Editor's Note: Lee Adler has more than 44 years of experience trading and investing, as you'll see. You're going to be hearing a lot more from him in the future, because he's taking our newest free research service, Sure Money, "big time" next week. You'll have the chance to join him, but for now, he's going to show you why these four little words just might be the most profitable recommendation you've ever had. Here's Lee...
"Don't fight the Fed" was a refrain I heard often from the old men in the customers' gallery at Walston & Co.'s Philadelphia, Penn., office back in the late 1960s. I was a teenager at the time and sat with them after class.
I tried to understand what these mysterious wise men meant as I watched the ticker tape crawl along, showing a trade from New York every few seconds...
"IBM...200s... GM...1000s... PRD...100s... XRX...10,000..."
The ticker would pause for a few moments, then more trades would come.
Some of these old men were known as "tape readers" or "tape traders." They saw patterns in the movements of the ticker and bought and sold stocks based on those patterns.
They made money, too, and plenty of it.
"Don't fight the tape. Don't fight the Fed. The trend is your friend," they said. I heard it so often, I couldn't stop it from constantly playing in my head.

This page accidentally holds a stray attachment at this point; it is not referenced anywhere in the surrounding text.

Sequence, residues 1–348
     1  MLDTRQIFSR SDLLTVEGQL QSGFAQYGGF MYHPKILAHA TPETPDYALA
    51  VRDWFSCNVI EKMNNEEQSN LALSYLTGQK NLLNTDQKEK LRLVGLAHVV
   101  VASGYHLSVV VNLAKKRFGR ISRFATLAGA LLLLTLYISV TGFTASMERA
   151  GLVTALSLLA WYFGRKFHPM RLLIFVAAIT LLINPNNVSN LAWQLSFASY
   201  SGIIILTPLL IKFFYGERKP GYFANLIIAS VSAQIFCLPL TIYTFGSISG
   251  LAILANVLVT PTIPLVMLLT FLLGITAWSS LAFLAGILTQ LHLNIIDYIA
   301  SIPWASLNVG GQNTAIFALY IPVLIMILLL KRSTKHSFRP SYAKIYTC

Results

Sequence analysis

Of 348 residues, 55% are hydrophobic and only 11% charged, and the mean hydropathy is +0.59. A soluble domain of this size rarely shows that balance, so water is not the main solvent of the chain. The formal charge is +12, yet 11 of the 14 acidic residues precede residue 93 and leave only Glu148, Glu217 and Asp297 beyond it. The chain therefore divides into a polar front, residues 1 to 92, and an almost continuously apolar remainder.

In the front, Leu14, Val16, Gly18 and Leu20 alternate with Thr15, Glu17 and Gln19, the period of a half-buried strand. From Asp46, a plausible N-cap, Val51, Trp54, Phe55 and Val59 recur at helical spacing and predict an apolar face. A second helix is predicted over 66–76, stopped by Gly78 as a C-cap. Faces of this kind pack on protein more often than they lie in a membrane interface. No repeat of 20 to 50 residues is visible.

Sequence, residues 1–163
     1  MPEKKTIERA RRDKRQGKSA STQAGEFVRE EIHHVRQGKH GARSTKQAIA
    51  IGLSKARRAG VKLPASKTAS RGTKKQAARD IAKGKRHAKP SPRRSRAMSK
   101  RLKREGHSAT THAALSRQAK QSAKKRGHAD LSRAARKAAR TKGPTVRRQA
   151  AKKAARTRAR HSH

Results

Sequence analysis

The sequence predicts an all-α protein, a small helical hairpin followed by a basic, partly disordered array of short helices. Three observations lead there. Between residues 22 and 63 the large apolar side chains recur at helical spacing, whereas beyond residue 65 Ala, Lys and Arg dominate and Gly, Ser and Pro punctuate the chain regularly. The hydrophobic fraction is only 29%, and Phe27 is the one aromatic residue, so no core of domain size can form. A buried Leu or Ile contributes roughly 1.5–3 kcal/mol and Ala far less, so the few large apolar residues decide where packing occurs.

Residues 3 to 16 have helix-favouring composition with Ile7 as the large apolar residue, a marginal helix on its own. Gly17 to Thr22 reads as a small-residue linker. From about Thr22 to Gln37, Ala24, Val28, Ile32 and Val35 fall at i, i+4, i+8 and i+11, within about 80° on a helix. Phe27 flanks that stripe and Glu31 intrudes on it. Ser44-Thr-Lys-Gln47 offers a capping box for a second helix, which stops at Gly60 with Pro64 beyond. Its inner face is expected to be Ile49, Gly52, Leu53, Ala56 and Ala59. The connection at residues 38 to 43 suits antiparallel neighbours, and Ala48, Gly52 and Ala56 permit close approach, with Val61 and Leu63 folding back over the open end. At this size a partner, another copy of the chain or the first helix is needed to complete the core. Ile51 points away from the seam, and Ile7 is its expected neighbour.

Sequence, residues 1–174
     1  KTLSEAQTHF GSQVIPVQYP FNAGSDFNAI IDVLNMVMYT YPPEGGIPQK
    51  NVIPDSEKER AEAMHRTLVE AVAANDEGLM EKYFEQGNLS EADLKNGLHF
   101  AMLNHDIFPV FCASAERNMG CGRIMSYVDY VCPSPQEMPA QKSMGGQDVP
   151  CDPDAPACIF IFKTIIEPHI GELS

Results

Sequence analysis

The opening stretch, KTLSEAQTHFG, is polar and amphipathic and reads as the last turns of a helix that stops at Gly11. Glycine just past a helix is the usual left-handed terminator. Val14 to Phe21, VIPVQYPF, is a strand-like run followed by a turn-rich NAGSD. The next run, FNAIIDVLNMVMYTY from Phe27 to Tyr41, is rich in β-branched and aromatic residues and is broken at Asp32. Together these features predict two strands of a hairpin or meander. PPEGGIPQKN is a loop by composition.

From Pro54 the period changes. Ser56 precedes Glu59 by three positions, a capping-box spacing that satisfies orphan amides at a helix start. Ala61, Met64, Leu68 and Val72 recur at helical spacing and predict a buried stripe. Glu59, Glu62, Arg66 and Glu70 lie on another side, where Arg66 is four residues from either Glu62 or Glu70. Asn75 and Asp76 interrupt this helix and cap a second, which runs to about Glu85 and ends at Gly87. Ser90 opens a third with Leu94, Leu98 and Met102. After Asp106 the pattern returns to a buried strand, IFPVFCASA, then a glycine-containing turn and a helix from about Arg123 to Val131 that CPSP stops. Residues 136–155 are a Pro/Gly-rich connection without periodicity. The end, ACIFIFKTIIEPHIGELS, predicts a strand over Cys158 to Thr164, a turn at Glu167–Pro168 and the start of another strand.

I still can't, to this day.
Turns out, there's a good reason why: You can make a ton of money if you move when the Fed does, no matter what they do...
How I Learned to "Trade the Tape"
I thought it was amazing that we could see the trades nearly as they happened - nearly 10 million shares a day! It was exciting for me as a teenager to witness this cutting-edge technology. Often, I saw my own buy or sell order as it crossed the tape a few minutes after I placed it.
In fact, on a table near the customers' gallery there was a Bunker Ramo Corp. machine where we could type in the ticker symbol of a stock and get a quote with the bid, ask, and latest trade within seconds - amazing at the time.
Once a week, the brokerage office got the Standard & Poor's Trendline chartbook in the mail. It contained the daily stock charts for all listed New York Stock Exchange and American Stock Exchange common stocks for a one-year period through the previous Friday. The charts showed not only the prices, but the 50-day and 150-day moving averages.
About the Author
Financial Analyst, 50-year charting expert, finance + real estate pro, and market analyst; published and edited the Wall Street Examiner since 2000.